Unbreakable or Mr. Glass?
The year 2000 saw the release of M. Night Shyamalan‘s movie Unbreakable, featuring Bruce Willis as the protagonist (David Dunn, a.k.a. Mr. Unbreakable) and Samuel L. Jackson as the antagonist (Elijah Price a.k.a. Mr. Glass). In this movie, David possesses superhuman powers that make him almost indestructible, while Price is the exact opposite with bones that fracture at even the most delicate touch.
Design for failure
In software or systems design, more often than not our systems are like Mr. Glass: fragile (easy to break). Systems are often designed assuming that the design was correct and everything will work as expected. But reality is different. It’s not a matter of if but of when things will fail. In order for us to design systems that are resilient (hard to break) we need to embrace the fact that failure will occur and design for failure, not against it. After all, we don’t want our systems to break after we deploy on Friday, do we? We want them to stay up and even when there are issues they should be of a priority that can wait until Monday.
A story of massive failure
The best way to describe fragility is with a real-world scenario of massive failure. This is not some hypothetical made-up scenario; this scenario actually played out in a complex enterprise environment a couple of years ago and gives a good understanding of what it means for an ecosystem to be fragile and what it means when issues have a very large blast radius.
The failing architecture
Let’s take a look at the high level architecture diagram below for an e-commerce shop setup with multiple channels and points of sale.
There’s the web shop, a typical JEE web application that is used to sell products and services. This JEE application fetches and updates customer information from a customer service and creates and updates orders through an order service. That same setup is duplicated for the physical shop (an actual store, yes these still exist!). The order service ultimately calls a delivery service to have the physical goods delivered to the customer’s delivery address. Customer support also relies on the same services in case customers decide to call customer support rather than visit the website or the physical store to place an order. All connections in this diagram are HTTP (either REST or SOAP) connections except the connections to the delivery service, which is a file export/import. Note that this is just a slice of the overall application landscape, in reality there were many more connections and channels, but for sake of simplicity and readability these are omitted.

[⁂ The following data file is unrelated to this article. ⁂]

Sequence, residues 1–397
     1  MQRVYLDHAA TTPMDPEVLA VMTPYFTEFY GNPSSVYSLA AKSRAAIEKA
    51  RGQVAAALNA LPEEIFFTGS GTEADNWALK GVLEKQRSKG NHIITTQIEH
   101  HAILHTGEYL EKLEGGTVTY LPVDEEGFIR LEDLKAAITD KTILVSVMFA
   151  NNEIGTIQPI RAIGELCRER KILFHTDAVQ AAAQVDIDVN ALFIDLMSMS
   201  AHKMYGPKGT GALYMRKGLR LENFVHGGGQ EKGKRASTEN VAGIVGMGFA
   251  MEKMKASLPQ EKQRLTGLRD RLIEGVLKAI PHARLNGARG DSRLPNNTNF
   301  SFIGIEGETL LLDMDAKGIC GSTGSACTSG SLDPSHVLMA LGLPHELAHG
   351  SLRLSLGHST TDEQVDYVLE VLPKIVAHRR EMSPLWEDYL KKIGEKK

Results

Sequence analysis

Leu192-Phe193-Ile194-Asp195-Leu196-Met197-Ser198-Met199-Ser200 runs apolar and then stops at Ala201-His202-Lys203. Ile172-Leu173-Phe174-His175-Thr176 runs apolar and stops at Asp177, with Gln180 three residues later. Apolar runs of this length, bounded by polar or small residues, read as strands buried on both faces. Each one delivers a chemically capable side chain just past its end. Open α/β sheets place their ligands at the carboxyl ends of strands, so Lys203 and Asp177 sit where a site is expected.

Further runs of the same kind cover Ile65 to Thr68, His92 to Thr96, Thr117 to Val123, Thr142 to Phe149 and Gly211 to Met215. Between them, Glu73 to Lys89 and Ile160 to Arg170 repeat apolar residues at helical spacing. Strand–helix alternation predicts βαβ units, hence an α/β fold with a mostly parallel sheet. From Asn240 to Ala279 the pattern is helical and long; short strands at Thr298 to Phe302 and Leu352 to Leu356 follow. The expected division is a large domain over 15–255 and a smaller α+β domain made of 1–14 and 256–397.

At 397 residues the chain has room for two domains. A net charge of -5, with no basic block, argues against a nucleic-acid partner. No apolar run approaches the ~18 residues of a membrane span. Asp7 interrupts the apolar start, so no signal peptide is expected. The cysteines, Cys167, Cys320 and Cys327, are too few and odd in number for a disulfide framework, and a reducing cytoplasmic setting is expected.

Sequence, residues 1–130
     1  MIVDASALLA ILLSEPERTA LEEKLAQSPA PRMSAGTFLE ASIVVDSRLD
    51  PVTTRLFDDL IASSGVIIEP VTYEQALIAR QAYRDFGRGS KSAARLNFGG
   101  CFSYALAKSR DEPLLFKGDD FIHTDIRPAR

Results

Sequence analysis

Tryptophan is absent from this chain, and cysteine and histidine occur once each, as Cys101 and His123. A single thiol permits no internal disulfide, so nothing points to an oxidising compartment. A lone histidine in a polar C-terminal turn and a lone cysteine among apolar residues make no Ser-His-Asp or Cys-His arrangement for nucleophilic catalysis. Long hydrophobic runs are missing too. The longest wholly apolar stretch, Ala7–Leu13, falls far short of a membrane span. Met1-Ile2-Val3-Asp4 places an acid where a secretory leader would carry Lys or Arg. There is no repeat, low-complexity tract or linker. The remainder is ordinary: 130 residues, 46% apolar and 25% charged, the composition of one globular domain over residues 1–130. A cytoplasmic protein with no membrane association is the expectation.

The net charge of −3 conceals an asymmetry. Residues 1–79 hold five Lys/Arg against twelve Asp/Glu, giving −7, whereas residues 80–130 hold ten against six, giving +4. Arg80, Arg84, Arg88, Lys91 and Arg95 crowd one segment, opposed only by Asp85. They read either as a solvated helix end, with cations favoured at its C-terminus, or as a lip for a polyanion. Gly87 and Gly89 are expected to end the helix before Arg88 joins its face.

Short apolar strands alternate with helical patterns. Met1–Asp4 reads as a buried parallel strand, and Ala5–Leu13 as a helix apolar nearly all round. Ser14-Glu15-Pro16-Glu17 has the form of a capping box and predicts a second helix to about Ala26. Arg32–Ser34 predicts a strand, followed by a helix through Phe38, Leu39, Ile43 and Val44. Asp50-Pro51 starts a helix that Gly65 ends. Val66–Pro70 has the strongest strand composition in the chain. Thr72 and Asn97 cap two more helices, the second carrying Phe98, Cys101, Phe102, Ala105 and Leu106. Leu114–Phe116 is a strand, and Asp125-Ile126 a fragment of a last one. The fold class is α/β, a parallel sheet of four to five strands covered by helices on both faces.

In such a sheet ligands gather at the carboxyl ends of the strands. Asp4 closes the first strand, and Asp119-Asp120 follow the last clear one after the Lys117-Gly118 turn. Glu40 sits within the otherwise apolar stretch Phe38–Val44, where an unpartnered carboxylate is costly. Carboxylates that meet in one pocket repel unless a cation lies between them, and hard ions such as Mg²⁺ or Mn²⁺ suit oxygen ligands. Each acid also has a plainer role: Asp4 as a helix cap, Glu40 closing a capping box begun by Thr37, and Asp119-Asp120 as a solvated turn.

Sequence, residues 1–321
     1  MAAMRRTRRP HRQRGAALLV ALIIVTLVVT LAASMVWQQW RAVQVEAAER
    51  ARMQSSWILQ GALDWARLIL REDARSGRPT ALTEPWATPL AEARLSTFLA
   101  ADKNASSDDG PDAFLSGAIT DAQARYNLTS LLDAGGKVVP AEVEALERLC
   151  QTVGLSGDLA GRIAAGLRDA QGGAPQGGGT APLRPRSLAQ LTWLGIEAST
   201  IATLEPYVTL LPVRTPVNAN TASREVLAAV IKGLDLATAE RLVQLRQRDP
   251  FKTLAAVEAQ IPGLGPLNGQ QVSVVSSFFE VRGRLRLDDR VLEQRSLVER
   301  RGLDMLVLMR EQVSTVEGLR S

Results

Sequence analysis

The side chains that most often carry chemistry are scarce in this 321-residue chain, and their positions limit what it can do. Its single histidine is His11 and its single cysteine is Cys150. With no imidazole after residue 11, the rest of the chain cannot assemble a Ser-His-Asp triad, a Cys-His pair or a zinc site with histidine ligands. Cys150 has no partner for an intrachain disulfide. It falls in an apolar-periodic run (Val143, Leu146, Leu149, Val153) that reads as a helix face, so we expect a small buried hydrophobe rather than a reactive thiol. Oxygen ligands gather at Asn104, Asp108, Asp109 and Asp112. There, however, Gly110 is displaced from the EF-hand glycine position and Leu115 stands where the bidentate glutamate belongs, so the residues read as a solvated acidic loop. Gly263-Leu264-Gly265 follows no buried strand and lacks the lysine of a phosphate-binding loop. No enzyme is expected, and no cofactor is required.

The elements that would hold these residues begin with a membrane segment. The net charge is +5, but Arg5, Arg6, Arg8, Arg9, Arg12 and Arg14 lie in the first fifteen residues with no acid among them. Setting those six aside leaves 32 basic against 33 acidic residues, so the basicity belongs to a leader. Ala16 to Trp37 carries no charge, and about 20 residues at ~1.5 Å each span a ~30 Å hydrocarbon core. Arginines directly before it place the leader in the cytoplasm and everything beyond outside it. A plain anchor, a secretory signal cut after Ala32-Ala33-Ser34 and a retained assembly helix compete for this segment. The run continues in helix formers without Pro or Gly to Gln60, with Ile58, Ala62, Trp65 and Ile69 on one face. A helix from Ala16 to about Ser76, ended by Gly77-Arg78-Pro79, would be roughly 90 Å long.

Looks simple enough right? What could possibly go massively wrong? Let’s take a look at the chain of events.
Chain of events
One day at 9:00 in the morning, a new product was launched in the web shop and customers were lining up to buy it. This caused the average load to increase to 50x the normal load. The web shop by itself was able to handle this load, but then something unexpected happened. Not only did the webshop become completely unavailable, a large amount of other applications in the ecosystem started to fail as well, leading to massive downtime, customers not being able to order and employees not being able to do their work. So what happened?